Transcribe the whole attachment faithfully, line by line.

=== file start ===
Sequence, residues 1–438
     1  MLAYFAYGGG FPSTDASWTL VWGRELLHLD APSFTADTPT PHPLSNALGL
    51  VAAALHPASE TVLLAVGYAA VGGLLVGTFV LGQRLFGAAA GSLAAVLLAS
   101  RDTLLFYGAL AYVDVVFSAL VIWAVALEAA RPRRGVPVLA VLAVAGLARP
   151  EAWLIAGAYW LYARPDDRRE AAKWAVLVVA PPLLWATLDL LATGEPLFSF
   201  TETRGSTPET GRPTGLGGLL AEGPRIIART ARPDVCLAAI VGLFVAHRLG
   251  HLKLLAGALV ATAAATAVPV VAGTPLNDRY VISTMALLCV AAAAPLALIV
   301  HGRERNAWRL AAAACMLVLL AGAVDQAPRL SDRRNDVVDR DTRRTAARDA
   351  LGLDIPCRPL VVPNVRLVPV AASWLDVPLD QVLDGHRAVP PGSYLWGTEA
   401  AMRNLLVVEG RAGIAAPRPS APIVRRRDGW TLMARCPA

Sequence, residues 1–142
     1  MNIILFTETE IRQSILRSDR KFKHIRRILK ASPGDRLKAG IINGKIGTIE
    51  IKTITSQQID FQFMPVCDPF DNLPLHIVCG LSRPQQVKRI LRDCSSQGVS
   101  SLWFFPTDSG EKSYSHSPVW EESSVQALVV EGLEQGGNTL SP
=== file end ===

Sequence, residues 1–438
     1  MLAYFAYGGG FPSTDASWTL VWGRELLHLD APSFTADTPT PHPLSNALGL
    51  VAAALHPASE TVLLAVGYAA VGGLLVGTFV LGQRLFGAAA GSLAAVLLAS
   101  RDTLLFYGAL AYVDVVFSAL VIWAVALEAA RPRRGVPVLA VLAVAGLARP
   151  EAWLIAGAYW LYARPDDRRE AAKWAVLVVA PPLLWATLDL LATGEPLFSF
   201  TETRGSTPET GRPTGLGGLL AEGPRIIART ARPDVCLAAI VGLFVAHRLG
   251  HLKLLAGALV ATAAATAVPV VAGTPLNDRY VISTMALLCV AAAAPLALIV
   301  HGRERNAWRL AAAACMLVLL AGAVDQAPRL SDRRNDVVDR DTRRTAARDA
   351  LGLDIPCRPL VVPNVRLVPV AASWLDVPLD QVLDGHRAVP PGSYLWGTEA
   401  AMRNLLVVEG RAGIAAPRPS APIVRRRDGW TLMARCPA

Sequence, residues 1–142
     1  MNIILFTETE IRQSILRSDR KFKHIRRILK ASPGDRLKAG IINGKIGTIE
    51  IKTITSQQID FQFMPVCDPF DNLPLHIVCG LSRPQQVKRI LRDCSSQGVS
   101  SLWFFPTDSG EKSYSHSPVW EESSVQALVV EGLEQGGNTL SP